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Fig. 1 | Biophysical Reviews

Fig. 1

From: Cryo-electron microscopy: an introduction to the technique, and considerations when working to establish a national facility

Fig. 1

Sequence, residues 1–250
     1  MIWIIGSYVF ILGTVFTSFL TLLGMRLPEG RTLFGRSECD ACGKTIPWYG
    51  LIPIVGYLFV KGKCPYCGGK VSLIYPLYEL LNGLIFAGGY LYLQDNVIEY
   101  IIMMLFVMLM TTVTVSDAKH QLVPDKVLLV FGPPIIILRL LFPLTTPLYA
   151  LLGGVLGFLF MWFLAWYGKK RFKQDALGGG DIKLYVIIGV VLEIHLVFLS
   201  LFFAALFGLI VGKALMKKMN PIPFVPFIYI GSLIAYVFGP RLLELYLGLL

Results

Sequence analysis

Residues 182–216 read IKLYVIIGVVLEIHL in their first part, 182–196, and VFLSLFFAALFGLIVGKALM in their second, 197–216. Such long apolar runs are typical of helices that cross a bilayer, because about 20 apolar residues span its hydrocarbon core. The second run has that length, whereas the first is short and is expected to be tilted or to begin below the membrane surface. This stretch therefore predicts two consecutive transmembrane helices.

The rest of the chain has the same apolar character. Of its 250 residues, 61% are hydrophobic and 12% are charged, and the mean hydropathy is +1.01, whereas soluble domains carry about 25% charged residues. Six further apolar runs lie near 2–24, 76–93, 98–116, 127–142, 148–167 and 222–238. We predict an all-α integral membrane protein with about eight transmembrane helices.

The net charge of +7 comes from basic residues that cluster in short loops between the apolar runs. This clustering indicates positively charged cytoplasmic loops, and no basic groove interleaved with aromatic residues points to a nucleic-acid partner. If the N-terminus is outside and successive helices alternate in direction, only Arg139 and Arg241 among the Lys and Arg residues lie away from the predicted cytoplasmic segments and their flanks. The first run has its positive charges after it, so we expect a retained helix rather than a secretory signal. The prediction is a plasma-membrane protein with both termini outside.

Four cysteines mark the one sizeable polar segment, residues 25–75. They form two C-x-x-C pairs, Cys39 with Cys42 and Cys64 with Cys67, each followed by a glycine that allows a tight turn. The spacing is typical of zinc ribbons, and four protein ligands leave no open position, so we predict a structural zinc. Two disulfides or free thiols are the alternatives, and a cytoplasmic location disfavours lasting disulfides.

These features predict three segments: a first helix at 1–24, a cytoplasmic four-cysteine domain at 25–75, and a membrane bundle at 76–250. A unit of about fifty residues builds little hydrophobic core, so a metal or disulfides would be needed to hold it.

Gallery of images to show some common artefacts in cryo-EM. Insufficient rapid freezing leads to formation of hexagonal ice crystals (a), while warming of vitreous ice results in cubic ice crystals (b). Exposure to atmospheric water vapour during handling of frozen grids gives rise to condensation of large ice crystals (frost) (c), while contamination in the column or during transfer gives a more subtle-mottled contamination (d). To generate phase contrast, the TEM is defocussed. Close to focus images have lower contrast and finer features (e, 1-μm underfocus), while further from focus have greater contrast of coarser features (f, 3-μm underfocus). Cryo-EM samples are extremely sensitive to the electron beam. Radiation damage leads to destruction of high-resolution features (g, 10 e/Å2; h, 90 e/Å2), eventually bubbles of gas form in the ice (i). Specimen movement leads to blurring of information. Whereas previously images such as (j) would have been unsuitable for image reconstruction, motion correction of image ‘movies’ from modern direct detection devices rescues useful information (k)

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